This 55-second clip reveals a wealth of mushy thinking, and shows that the former President still doesn’t grasp how deeply he harmed this country:
“I believe the role of government is … to create the conditions that allow entrepreneurs and innovators to thrive.”
No, it isn’t, and it’s arrogant and misguided for politicians to presume that government can “create the conditions” that foster prosperity. Freedom fosters prosperity, and freedom is natural; it needs no government to create it. Limited government is needed to protect the rights of those entrepreneurs and innovators and others so that they can create wealth. When government robs Peter to pay Paul, in other words, when it robs small-business owners and middle-class families to bail out big corporations, it undermines the very freedom on which prosperity depends.
“I went against my free-market instincts and approved a temporary [??] government intervention to unfreeze the credit markets so that we could avoid a major global depression.”
Economic freedom is not a matter of “instinct”. It is a matter of principle and common sense, backed by the lessons of history. If the former president had a stronger foundation in the philosophy of freedom, he could have understood at the time how the bail-out Band-Aid was really a poison pill.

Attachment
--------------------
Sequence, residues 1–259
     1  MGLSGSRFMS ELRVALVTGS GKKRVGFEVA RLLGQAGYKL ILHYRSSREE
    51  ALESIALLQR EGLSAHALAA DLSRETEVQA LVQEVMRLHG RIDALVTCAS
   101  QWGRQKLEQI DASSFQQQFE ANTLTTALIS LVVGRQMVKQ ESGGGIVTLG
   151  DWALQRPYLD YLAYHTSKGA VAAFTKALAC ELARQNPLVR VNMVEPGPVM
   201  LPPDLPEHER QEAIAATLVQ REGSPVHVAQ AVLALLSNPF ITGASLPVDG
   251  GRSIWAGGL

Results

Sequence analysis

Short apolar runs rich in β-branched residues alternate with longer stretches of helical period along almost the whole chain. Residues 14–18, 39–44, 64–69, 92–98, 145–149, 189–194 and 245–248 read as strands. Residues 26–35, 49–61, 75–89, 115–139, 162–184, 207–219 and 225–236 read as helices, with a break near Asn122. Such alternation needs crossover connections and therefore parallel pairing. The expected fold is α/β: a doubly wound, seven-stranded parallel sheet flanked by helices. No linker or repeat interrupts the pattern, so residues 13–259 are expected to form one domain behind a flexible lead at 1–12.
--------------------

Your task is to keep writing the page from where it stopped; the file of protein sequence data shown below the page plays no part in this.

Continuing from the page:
“As the world recovers, we’re gonna face a temptation to replace the risk-and-reward model of fr– the private sector with the blunt instruments of government spending and control.”
We’ve been failing in the face of that temptation for the last century, and we’re paying a high price for it. Former President Bush XLIII was simply continuing the 20th-century trend of arrogant politicians presuming that they can somehow sponsor prosperity.
“History shows that the greater threat to prosperity is not too little government involvement but too much.”
And history will record President Bush XLIII as having greatly increased that threat.
It would be nice simply to say, well, gee, it’s too bad that he still doesn’t get it. But he’s far from being alone. Too many of the politicians still in power, and too many of the voters who keep them there, have the same mushy understanding of the role and capabilities of government. Our country desperately needs a renaissance of the philosophy of freedom, a reawakened, well-considered understanding that freedom nurtures prosperity, and that government will always be a threat to both.